About

I am a PhD Candidate in Political Science at the University of Notre Dame, a PhD Fellow at the Kellogg Institute for International Studies, and Graduate Associate in Learning Research at the Kaneb Center for Teaching Excellence. I am also honored to be the recipient of a Notre Dame Presidential Fellowship.

My research agenda focuses on regime change, populism, judicial politics, Latin American politics, and qualitative methods. More specifically, I am interested in (1) conceptualizing contemporary processes of democratic erosion, (2) explaining the strategies populist leaders use to dismantle democracy, (3) showing what strategies political parties, civil society actors, and judges can implement to stop executive encroachment, and (4) case study methodology and qualitative data-gathering techniques. My dissertation investigates how the sequence and timing of populists’ attacks against democratic institutions contribute to explaining the extent of democratic erosion. By comparing Venezuela, Ecuador, Colombia, and Argentina and using multiple primary and secondary sources, I show that  populist leaders in control of the executive can erode liberal democracy’s components when they begin to either co-opt or neutralize apex-courts early on.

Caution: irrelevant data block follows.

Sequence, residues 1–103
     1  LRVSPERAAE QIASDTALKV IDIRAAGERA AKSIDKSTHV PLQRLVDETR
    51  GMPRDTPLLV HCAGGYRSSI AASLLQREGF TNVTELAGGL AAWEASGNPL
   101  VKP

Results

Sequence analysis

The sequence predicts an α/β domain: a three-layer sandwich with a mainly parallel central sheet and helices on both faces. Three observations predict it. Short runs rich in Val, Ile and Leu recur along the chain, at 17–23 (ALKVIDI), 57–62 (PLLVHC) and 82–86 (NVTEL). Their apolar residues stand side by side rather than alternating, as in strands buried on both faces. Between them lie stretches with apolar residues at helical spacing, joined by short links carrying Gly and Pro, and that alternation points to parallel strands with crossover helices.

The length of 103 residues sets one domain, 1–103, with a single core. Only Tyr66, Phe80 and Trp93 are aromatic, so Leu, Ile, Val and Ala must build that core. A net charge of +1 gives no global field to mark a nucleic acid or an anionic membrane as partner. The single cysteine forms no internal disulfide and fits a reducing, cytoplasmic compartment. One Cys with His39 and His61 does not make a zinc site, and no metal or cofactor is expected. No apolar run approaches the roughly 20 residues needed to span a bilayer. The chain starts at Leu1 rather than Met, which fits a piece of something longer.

I hold a BA in Political Science (Universidad de San Andrés) and an MA in Political Science (Universidad Torcuato Di Tella). Before coming to Notre Dame, I taught at several universities in Buenos Aires (2011-2017), and I gained research experience as well as financial support from Argentina’s Ministry of Science and Technology (2012-2017).

 

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